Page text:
'Poisonous gas' attack in Syria

By Bassem Mroue in Beirut

Abdullah Ahmed, 10, suffered burns in a Syrian government airstrike and fled his home with his family. Photo / Getty Images
Abdullah Ahmed, 10, suffered burns in a Syrian government airstrike and fled his home with his family. Photo / Getty Images

Syrian regime forces fired intense artillery and rocket barrages last night on the eastern suburbs of the capital, Damascus, in what two pro-opposition groups claimed was a "poisonous gas" attack that killed dozens of people.

The claims came as a 20-member UN chemical weapons team was in Syria to investigate three sites where chemical weapons attacks had allegedly occurred in the past.

The Syrian government promptly denied the reports of a chemical weapons' attack as baseless.

"They are an attempt by to divert the UN commission on chemical weapons from carrying out its mission," the state-run Sana news agency said, quoting an unnamed government official, as is its standard practice.

The Syrian Observatory for Human Rights said the shelling was intense and hit the capital's eastern suburbs of Zamalka, Arbeen and Ein Tarma.

It quoted activists as saying that regime forces fired "rockets with poisonous gas heads" in the attack that killed "tens of people."

Rami Abdul-Rahman, the Observatory chief, said the activists in the area said "poisonous gas" was fired in rockets as well as from the air. He added that regime forces were on a wide offensive on the eastern and western rebel-held suburbs of Damascus.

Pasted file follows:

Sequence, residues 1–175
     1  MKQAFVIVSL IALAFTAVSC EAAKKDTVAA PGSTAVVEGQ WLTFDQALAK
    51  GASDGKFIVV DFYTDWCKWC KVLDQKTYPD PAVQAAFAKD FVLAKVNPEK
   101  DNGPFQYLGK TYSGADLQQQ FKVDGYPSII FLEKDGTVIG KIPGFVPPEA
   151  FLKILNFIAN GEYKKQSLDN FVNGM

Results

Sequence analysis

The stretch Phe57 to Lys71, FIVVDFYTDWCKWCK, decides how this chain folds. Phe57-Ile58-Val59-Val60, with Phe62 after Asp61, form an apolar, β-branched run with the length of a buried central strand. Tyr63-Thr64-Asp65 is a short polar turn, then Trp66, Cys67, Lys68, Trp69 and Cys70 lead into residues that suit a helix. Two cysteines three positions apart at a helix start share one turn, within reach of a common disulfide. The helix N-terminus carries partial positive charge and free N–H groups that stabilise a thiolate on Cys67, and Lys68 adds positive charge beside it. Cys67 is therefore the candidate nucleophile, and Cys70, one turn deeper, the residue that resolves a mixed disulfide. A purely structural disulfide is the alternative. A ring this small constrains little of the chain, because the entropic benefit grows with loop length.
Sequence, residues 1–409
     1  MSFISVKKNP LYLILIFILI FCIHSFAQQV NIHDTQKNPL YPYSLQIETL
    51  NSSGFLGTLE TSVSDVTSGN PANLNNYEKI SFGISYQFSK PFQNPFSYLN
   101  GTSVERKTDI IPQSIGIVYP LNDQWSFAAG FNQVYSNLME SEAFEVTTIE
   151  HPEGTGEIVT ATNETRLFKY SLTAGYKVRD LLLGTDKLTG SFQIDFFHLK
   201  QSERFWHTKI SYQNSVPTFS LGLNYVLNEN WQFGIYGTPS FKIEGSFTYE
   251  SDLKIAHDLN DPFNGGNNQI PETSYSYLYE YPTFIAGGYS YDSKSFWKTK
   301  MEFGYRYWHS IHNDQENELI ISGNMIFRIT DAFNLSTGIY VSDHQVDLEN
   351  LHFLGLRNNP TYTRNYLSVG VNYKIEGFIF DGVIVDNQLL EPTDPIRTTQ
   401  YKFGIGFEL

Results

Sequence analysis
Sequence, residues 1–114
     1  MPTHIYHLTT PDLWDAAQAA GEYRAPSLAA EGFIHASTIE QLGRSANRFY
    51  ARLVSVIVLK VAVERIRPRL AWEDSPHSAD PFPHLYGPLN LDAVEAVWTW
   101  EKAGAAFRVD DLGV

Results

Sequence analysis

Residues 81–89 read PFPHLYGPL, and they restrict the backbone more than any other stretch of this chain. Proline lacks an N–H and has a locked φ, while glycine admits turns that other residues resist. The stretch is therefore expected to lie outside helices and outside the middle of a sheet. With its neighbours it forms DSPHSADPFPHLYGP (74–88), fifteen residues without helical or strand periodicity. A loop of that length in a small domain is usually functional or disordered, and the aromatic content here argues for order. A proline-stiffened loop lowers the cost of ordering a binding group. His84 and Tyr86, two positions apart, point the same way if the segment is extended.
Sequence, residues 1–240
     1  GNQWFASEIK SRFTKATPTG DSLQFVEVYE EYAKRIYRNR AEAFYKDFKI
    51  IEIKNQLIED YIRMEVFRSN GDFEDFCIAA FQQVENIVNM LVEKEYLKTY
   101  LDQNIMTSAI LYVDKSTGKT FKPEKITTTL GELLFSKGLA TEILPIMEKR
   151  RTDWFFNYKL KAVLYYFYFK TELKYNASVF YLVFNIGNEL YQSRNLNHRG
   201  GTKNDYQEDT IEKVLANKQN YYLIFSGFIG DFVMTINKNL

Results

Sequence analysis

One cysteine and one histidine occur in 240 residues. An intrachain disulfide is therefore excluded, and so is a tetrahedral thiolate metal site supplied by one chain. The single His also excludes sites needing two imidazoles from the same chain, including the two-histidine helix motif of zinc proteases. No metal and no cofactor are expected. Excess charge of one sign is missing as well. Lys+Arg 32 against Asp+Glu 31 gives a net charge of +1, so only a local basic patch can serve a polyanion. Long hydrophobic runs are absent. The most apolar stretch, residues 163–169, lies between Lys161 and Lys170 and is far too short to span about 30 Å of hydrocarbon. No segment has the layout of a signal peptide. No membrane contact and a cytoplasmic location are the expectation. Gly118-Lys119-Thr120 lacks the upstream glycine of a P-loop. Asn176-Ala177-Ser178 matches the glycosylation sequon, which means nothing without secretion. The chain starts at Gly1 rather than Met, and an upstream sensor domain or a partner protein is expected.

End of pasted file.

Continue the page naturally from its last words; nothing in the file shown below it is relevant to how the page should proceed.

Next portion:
Another group, the Local Coordination Committees, said hundreds of people were killed or injured in the shelling. Such different figures from activists groups are common in the immediate aftermaths of attacks in Syria, where the Government restricts foreign and domestic reporting. Abdul-Rahman said more than 40 people have been confirmed dead and the toll could go much higer.

The Syrian Government has long denied claims by the opposition on chemical weapons use, saying rebels fighting to overthrow President Bashar al-Assad's government have used such weapons.

Mohammed Saeed, an activist in the area, told AP via Skype that hundreds of dead and injured people were rushed to six makeshift hospitals in the eastern suburbs of Damascus.

- AP

- NZ Herald

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